007 - The New Breed of Everyday Users
The Consumerization of HealthCare IT is Coming Faster and Sooner
This week, I was particularly struck with how commonplace relatively advanced technology use is becoming, including wireless, mobile and virtual desktop technologies.
1) It started with
Daphne Lawrence's blog post on Wireless In Healthcare, where she reviewed the recent HCI Webinar. The issue of community members setting up rogue access points (AP) was referenced. I know several people in different organizations who routinely carry an AP in their laptop/notebook bag and use it. They use it in conference rooms, hotel rooms, and at work in their own offices, etc. [Note to my IT department- I know better and don't do this, and thanks for the great service so that I'm not tempted.]
I'm struck by the increased number of people using it, many of whom are much, much less tech-savvy than in past years.
As I learned in the Webinar, and from various CIOs, detecting rogue APs ranges from trivial to nearly impossible. I was surprised how commonly it's being done, including by people who don't program computers or work for, or with IT. This is consumerization. This holiday season, there are small, 802.11n APs for sale at my local computer store for under $50 (fifty) dollars. Consumerization - high volume, dramatically lowered price, and out-of-the-box ease/simplicity of use.
2) Then, over the last months, I noticed a
rapidly increasing number of folks not only buying iPhones, but establishing Outlook Exchange server connections (and other services) without assistance from IT or their wireless carrier. Some of these folks are non-IT, non-Clinicians, like senior and middle level executives. Some are getting help from their non-IT friends. They enter the URL of their mail server, their username and password, and "it just works."
Initially, the "it just works" is to everyone's surprise. And then, it seems natural and expected. Across the country, these folks are asking their hospitals for wireless access, or, they are simply using the hospitals' guest network. It's no longer the 3 to 5 geeky folks that everyone expects.
3) This last one blew me away.
Multiple-virtualized desktops, maintained by non-IT consumers. I was in several boardroom lunch meetings at several terrific community hospitals this week. My team, largely virtual, was presenting using a LiveMeeting/WebEx-class service. My hosts had an HP laptop connected to their projector and everything seemed to be working quite normally for over an hour.
For some reason, our session terminated and I was the closest person to the laptop to restart it. We were able to get it restarted pretty quickly, ...
after it was explained to me that the HP laptop was merely providing a VNC (virtual network connection, kind of like Citrix) to someone's Dell desktop elsewhere in the hospital. That desktop had three connected displays (all were part of the virtual desktop). On one of those displays was the browser that was connecting to the LiveMeeting session. That Dell had the PC-side client software loaded for LiveMeeting; it was not the HP laptop in front of me. Starting a browser there was pointless (I learned after trying.) The Dell was set up to get through the firewall; the HP was not.
The person who set that all up was not a network engineer or a programmer. One of her roles was clinical analyst. Setting up the VNC seemed natural and direct for her. In the grand scheme of things, we were more than doubly virtual. Our presenter was in Ohio, the application server was in Virginia or California, and the hospitals were a few hours drive from St Louis, MO and Lexington, KY. A simple mouse-move seen at the hospital was routinely originating in Ohio, going east to one server, relayed west to the Dell and relayed again within the hospital to the HP. No engineers involved in this final configuration. And, for the most part, it was so smooth that no one knew what was beyond the technology curtain. As it should be.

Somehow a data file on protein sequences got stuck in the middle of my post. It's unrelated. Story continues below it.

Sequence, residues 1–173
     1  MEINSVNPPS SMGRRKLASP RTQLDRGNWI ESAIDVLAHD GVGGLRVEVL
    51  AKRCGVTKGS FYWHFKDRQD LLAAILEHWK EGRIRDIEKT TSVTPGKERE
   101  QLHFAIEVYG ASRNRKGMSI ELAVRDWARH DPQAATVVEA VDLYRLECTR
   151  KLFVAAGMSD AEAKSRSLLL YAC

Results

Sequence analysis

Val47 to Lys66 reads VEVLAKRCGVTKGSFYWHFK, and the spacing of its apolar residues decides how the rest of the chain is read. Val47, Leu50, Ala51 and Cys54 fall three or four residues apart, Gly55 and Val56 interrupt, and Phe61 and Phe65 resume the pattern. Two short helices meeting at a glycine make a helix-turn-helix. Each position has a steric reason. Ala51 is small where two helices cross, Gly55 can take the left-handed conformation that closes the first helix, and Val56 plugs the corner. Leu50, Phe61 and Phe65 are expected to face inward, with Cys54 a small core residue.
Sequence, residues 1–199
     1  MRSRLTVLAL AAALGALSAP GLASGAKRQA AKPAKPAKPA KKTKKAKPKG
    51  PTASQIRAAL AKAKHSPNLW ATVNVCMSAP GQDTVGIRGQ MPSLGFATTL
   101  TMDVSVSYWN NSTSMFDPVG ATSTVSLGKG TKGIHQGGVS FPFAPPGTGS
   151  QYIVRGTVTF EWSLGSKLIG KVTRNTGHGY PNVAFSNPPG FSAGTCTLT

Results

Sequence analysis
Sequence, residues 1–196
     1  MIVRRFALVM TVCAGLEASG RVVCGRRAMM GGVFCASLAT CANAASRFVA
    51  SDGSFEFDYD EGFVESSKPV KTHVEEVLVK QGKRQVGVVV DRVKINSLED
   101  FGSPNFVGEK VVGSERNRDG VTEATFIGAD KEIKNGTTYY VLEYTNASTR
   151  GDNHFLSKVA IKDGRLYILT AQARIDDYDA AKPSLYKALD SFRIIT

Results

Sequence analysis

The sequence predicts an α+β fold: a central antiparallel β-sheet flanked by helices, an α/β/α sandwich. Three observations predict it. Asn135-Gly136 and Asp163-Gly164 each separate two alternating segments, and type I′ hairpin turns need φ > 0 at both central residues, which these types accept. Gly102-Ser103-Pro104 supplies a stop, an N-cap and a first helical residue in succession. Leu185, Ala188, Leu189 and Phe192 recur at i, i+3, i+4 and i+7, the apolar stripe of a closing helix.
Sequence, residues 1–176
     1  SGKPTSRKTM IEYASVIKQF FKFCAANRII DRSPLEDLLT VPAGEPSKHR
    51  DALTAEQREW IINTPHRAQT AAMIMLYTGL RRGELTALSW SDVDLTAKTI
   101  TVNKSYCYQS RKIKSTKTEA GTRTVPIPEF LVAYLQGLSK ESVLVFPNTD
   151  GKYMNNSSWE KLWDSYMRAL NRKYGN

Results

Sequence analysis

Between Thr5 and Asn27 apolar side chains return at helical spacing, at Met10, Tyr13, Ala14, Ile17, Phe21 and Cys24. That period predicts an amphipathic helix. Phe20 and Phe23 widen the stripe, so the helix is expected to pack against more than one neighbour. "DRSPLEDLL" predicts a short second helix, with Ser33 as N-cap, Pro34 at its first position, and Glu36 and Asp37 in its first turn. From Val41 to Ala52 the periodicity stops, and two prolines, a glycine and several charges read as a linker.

My attempts to make the projected session "full screen" was, of course, complicated by the creative use of technology.
These technology feats, wireless connectivity, and mobile devices with virtual access to remote desktops were, in recent years, fairly eclectic vices. Now, they are rapidly becoming commonplace habits.
Daphne's post included her recent wonderment regarding the server virtualization and consolidation. In a follow-up comment, she shares that some companies are routinely using services like Skype video conferencing, as the enlightened in many companies I know do as well.
Joe Marion, in "
Hey! Want to see my Kidney Stone?" recently raised the issue of how straightforward it's becoming to get imaging to mobile pocket devices, and questions how relevant some of this new capability really is.
What does all of this mean for HCIT leaders? My take is that the time is ripe for us to
further assert Leadership. Promote and encourage the
appropriate use technology. Encourage its use where technology would be more valuable than distracting. And, guide our community's on the "Ten Key Principles to Managing Modern Life." Using the technology is not the goal. The goal is to exploit the value of tools like video conferencing to develop existing good will and discuss emotionally-substantive content, while not using inappropriate technologies like email and phone. To see a recommended framework, including these ten principles, see
What do you think? Is there really a new breed of everyday users? Are we leading by example, or are we telling them, "Wait for us, we're your leaders."? Are we even growing our own experiences to guide us? Post a comment or email me (and let me know if I can post your emailed comment anonymously). What are you doing that's working in this space?